Yes, it sounds odd.

It is also seems to be at odds with this blog’s constant refrain of “Thou shalt not pursue any undertaking solely for tax purposes, but thou shalt first consider the business purpose for such undertaking and, if thou findeth such purpose worthy of attainment, then, and only then, shalt thou contemplate the tax benefit, but never shalt thou lose sight of your primary business purpose.”[i]

OK. How does that tie in to the title of this post? Well, all things being equal, the point during the tax year that a pass-through entity (“PTE”) sells its qualified business may have a significant impact upon the Sec. 199A deduction that may be claimed by the PTE’s non-corporate owners.

A quick review of some Sec. 199A basics may be helpful.[ii]

Section 199A Limitations

In general, Section 199A provides non-corporate taxpayers with a deduction for a tax year equal to 20% of their qualified business income (“QBI”) for such year.

There are, however, certain limitations that may reduce the amount of the deduction that may be claimed by a taxpayer. One of these is tied to the taxpayer’s taxable income for the year; the other – which only applies to a taxpayer with taxable income in excess of a prescribed threshold and phase-in amount – is tied to (1) the W-2 wages paid by the business to its employees during the tax year, and (2) the unadjusted basis of certain depreciable tangible property (“qualified property”) held by the business at the close of the tax year.

199A Applied at Shareholder/Partner Level

Generally speaking, for purposes of Section 199A, a non-corporate taxpayer – meaning an individual, a trust, or an estate – is treated as being engaged in any qualified trade or business carried on by a PTE of which the taxpayer is an owner.

Thus, the Section 199A rules are applied at the level of the S corporation shareholder, or at the level of the partner/member of the partnership/LLC, with each shareholder or partner taking into account their allocable share of the PTE’s QBI, as well as their share of the PTE’s W-2 wages and unadjusted basis (for purposes of applying the above-referenced limitations).[iii]

Qualified Business Income – In General

Section 199A is primarily concerned with the operating (i.e., ordinary) income that is generated by the PTE entity, and passed through to its owners, during the ordinary course of its business. Thus, investment income is excluded from an entity’s QBI; this would include any capital gain recognized by the PTE.

A PTE does not typically generate capital gain in the ordinary course of its business; rather, it generates ordinary income from the sale of products or services, or from the leasing/licensing of its property. That is not to say that it never has such gain; for example, a business that sells vacant land, that it had previously held for purposes of a possible future expansion, may recognize capital gain on such sale. This gain would not constitute an item of QBI.

Sale of Assets – In General

Of course, a PTE is most likely to recognize capital gain on the sale of all, or substantially all, of its business assets. This sale may be effected in a number of ways.

Actual Sale. The business may simply sell its assets to a buyer, or it may merge into the buyer, in exchange for cash and/or a promissory note (or other deferred payment, such as an earn-out) and/or other property.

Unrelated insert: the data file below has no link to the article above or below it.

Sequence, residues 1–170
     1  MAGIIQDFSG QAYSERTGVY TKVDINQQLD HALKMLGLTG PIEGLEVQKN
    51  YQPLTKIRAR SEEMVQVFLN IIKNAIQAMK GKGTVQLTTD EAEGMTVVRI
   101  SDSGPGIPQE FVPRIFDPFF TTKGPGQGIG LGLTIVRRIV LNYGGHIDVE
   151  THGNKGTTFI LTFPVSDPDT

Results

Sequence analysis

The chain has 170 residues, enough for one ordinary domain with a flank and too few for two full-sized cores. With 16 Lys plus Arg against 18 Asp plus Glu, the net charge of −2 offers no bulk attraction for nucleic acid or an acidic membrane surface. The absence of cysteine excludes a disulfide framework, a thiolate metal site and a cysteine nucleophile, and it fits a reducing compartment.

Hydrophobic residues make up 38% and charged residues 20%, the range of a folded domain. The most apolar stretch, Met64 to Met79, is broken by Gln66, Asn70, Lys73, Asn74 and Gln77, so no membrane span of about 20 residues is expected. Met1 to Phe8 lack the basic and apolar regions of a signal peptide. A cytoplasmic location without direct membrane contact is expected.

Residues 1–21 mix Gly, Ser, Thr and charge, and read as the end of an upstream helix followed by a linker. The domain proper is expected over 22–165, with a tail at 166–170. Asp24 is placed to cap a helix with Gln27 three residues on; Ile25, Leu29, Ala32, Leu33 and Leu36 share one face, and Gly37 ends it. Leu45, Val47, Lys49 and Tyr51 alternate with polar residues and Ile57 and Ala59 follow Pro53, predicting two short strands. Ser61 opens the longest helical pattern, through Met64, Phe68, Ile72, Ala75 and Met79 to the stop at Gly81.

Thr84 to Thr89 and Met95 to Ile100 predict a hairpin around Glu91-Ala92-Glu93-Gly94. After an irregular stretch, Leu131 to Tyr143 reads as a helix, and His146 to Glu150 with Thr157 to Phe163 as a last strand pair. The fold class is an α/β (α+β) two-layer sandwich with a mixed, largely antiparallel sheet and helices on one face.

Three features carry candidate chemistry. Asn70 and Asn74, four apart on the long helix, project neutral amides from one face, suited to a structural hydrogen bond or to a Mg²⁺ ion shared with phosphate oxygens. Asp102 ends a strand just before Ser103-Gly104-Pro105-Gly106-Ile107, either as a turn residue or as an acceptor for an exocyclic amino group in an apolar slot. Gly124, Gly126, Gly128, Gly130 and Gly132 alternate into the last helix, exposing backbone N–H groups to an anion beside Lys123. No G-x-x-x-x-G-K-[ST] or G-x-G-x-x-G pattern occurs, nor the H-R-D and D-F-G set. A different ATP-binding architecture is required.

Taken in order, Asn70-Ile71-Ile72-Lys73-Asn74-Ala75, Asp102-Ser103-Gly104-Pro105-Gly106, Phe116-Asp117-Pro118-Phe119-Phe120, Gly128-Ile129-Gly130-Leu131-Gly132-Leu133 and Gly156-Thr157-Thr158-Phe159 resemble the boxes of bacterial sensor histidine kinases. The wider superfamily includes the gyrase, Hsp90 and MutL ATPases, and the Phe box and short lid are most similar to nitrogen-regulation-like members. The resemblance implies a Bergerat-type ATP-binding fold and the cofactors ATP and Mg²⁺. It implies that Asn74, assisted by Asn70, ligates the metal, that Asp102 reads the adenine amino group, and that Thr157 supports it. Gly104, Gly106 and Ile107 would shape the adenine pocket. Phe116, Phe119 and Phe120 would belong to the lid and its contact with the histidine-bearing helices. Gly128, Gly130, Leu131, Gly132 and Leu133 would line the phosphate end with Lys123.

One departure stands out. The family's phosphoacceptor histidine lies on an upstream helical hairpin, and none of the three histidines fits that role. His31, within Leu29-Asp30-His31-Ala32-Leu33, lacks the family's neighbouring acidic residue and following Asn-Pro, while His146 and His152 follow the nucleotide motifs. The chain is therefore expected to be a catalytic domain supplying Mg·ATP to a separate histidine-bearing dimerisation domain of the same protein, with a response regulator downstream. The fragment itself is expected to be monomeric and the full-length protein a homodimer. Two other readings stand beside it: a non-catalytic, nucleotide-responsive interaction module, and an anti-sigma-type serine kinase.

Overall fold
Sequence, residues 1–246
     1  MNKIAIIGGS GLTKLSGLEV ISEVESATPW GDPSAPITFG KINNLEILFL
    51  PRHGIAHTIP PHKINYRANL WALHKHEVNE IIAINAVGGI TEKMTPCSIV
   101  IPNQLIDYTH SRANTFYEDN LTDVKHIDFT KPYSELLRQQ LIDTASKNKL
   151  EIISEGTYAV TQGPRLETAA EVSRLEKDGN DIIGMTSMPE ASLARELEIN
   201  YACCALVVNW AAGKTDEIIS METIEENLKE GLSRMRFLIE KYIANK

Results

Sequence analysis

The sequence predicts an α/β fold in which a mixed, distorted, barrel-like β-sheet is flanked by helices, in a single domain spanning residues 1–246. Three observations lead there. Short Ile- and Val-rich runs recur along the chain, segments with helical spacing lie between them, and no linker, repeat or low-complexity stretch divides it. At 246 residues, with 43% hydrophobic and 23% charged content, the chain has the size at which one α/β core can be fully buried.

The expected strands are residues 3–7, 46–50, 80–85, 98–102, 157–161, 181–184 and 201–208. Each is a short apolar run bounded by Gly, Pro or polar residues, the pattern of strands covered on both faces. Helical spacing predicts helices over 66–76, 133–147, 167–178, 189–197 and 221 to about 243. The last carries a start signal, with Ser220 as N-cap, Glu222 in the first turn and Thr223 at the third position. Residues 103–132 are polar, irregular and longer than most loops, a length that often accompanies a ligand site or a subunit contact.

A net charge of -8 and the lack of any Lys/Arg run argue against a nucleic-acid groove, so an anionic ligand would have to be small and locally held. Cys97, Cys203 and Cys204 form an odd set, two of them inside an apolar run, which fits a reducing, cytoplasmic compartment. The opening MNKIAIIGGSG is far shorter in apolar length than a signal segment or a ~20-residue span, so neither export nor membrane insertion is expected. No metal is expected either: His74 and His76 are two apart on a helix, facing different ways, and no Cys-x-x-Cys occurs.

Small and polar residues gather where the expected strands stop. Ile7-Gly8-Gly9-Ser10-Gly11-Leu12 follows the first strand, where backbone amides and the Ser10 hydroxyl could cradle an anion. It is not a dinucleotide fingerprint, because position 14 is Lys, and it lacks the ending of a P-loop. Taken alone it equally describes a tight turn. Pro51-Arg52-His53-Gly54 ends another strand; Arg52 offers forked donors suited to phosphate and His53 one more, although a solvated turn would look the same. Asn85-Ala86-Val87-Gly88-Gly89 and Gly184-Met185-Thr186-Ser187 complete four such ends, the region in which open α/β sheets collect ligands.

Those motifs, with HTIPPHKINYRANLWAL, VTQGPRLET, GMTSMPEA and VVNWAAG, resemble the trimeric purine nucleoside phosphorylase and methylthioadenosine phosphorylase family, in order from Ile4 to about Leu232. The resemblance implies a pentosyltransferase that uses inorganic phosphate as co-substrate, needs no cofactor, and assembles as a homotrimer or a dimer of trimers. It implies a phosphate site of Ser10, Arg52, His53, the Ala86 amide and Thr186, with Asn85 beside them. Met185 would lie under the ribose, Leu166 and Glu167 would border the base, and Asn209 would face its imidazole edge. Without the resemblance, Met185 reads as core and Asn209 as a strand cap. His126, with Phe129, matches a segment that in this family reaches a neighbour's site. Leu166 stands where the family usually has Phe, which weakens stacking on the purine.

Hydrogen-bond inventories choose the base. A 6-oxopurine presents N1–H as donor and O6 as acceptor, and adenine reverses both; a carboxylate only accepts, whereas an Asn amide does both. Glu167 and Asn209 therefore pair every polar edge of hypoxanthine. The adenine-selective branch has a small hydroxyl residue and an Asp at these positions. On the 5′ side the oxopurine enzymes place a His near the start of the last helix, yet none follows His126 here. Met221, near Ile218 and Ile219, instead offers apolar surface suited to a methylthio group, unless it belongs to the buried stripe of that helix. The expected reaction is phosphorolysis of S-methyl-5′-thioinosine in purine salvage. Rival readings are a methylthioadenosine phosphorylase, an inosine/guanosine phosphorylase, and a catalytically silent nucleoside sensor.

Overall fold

Deemed Sale. Alternatively, in the case of an S corporation, the shareholders may sell its stock and then elect (either jointly with the buyer, or on their own) to treat the stock sale as a sale of the corporation’s assets. Similar treatment may be accorded to the partners of a partnership who sell all of their partnership interests to a buyer, though without the need for a special election.

Nature of the Gain. The nature of the gain recognized by the PTE will depend upon the character of the assets being sold; the amount of such gain will depend upon the allocation of the purchase price among the assets being sold and the entity’s adjusted basis for such assets. The character of the gain included in a shareholder’s or a partner’s allocable share of S corporation or partnership gain is determined as if it were realized directly from the source from which it was realized by the PTE.

Thus, any income realized on the sale of accounts receivable or inventory will be treated as ordinary income. The gain realized on the sale of a capital asset, on the sale of property used in the trade or business of a character that may be depreciable, or on the sale of real property used in a trade or business, will generally be treated as capital gain.

Section 199A and the Sale of a Business

As indicated above, the tax treatment of an M&A transaction, like the actual or deemed sale of assets by a business, was certainly not what Congress was focused on when Section 199A was conceived.

After all, the non-corporate owners of PTEs already enjoy a single level of tax (generally no tax at the entity-level, unlike a C corporation) and a preferential 20% tax rate for capital gains.[iv]

That being said, Section 199A will play a role in the sale of a business owned by a PTE with non-corporate owners where the transaction is treated as a sale of assets for tax purposes.

At the same time, the sale of the business, and the timing of such sale – i.e., the point in the tax year at which the sale occurs – may impact a non-corporate owner’s ability to fully enjoy the benefit of a Section 199A deduction.

Let’s review each of these points.

The Deduction

Although the Section 199A deduction is often described in shorthand as being equal to 20% of a taxpayer’s QBI, the actual formulation is much more involved.

Specifically, a non-corporate taxpayer’s Section 199A deduction for a tax year is equal to the lesser of: